One man's hero is another's villain. This is certainly the case for Airbnb, the global lodging website that launched in 2008 and has since taken the world by storm - an Airbnb guest checks in somewhere in the world every two seconds! But it turns out that disrupting the holiday letting market to the extent they have has more than ruffled the feathers of authorities and local businesses the world over who are quick to attack the site's impact on their local communities.
Early off the blocks was New York. Whilst renting out your property to others does not itself constitute a legal breach, it does risk falling foul of housing laws and regulations. In the city that never sleeps, one cannot legally rent their apartments out for periods of fewer than 30 days, unless they are cohabiting the property. Beyond this, there are also a number of tax issues that come with the activity. In many cities, short-term renters of any form of "holiday accommodation" are expected to pay hotel or tourist tax.
In the company's home city of San Francisco, the website is also under fire, where all short-term residential rentals are banned without applying for an expensive permit. In extreme cases, a number of tenants who have used Airbnb to rent their apartment have subsequently been faced with eviction notices. In the latest attack, Airbnb has been fined 30,000 EUR in Barcelona for allegedly breaching local tourism laws that state any flat rented to tourists must be filed with the Tourism Registry of Catalonia.
But it's not all bad news for the site. A number of major cities and countries have shown growing support for the practice of short term rentals to tourists. This list includes Amsterdam, France and the UK. Eric Pickles, secretary of communities and local government said, "the internet is changing the way we work and live, and the law needs to catch up".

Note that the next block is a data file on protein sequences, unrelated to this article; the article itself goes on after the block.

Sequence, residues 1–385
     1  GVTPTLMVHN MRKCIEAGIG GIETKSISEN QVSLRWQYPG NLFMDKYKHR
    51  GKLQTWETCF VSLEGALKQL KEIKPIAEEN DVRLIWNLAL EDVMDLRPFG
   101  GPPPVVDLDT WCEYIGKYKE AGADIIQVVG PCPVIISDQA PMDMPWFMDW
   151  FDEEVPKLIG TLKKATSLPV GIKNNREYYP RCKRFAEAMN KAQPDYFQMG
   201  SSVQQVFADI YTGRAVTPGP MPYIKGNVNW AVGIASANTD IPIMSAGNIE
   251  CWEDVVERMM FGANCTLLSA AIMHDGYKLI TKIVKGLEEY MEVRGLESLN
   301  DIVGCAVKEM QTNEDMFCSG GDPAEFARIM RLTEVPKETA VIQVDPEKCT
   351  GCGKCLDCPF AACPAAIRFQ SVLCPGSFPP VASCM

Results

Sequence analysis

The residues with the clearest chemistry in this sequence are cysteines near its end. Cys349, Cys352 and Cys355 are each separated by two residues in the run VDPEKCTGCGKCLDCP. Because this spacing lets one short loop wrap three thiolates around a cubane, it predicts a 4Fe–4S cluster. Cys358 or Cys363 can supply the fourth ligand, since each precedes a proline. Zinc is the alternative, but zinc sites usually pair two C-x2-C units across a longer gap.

Conventional hotel businesses have been quick to strike out against the practices of Airbnb, however, their defence is weak, at best. Following major calls that the website was ignoring tax laws, Airbnb have begun to collect hotel tax on behalf of the host. The company plans to roll out this functionality location at a time as it gets to grips with local rules and laws.
In April, the Economist forecasted that at current growth rates, Airbnb will be taking a 10% share out of the hotel industry's takings as soon as 2016. One would assume that Airbnb will find a suitable solution to dealing with local tax rules the world over. When they do, hotels will have to address the more pressing point that Airbnb are simply providing the world with a solution that it wants and is consuming in it's masses. The sooner they learn this, the better.